If a nosy neighbour sees you scaling a wall and asks what you’re doing, don’t tell them you’re there to take photos. Get back down from the wall, back onto the street and walk away (but come back another time). There’s only one way that’s going to end up if you go inside the building – they will call the police and you’ll be caught.

11. Not Every Security Camera is Real

Security cameras are scary there’s no denying it but be aware that not all cameras are real. Many are fake and are merely installed as a fear tactic and deterrent. The cameras you need to worry about are the ones with motion sensors and speakers, which you can recognise from a mile away. They’re generally clunkier and will have a sign beside them saying “24/7 Security Sensor” or something along those lines.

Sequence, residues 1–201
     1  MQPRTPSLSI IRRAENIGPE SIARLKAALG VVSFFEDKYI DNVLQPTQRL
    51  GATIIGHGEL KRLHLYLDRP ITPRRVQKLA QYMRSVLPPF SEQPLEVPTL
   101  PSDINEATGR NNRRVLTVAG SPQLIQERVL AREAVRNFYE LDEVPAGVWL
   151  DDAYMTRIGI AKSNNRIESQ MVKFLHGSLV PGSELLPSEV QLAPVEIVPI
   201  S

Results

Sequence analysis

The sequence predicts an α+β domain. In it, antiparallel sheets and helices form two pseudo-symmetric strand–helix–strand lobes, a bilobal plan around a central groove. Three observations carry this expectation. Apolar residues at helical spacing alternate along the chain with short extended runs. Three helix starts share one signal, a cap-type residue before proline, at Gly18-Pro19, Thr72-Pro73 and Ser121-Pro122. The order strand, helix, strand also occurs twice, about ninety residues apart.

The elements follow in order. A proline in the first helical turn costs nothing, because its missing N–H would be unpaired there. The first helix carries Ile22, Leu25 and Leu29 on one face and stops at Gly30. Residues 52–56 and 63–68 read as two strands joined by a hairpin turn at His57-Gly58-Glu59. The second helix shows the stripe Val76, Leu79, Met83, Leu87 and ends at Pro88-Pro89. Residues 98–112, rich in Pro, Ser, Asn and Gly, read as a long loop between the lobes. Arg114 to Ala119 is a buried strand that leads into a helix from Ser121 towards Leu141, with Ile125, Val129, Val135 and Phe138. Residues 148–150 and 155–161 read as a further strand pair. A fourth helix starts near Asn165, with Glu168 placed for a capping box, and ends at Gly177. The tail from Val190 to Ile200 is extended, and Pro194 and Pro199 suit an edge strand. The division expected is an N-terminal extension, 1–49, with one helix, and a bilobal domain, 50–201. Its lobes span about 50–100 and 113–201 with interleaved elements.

If you’re not sure if a camera is real or not, just do a big loop around it and make sure you keep a wide berth between you and the camera. If you let cameras deter you every time you will never be the urbexer you want to be!

12. Maintain a Good Level of Fitness

Strength, speed, balance, and flexibility are what’s going to get you inside and out of an abandoned building, nothing else. If you want to be a serious urban explorer, you’ll need a standard level of fitness and endurance to be able to climb over gnarly walls, jump down from heights, and climb through windows. Additionally, there will be times when you’re only entry point requires crawling through tiny spaces such as a slightly ajar window, steam pipe, air duct, narrow hatch or tunnels that were never built to accommodate people!

13. Move Stealthily and Quietly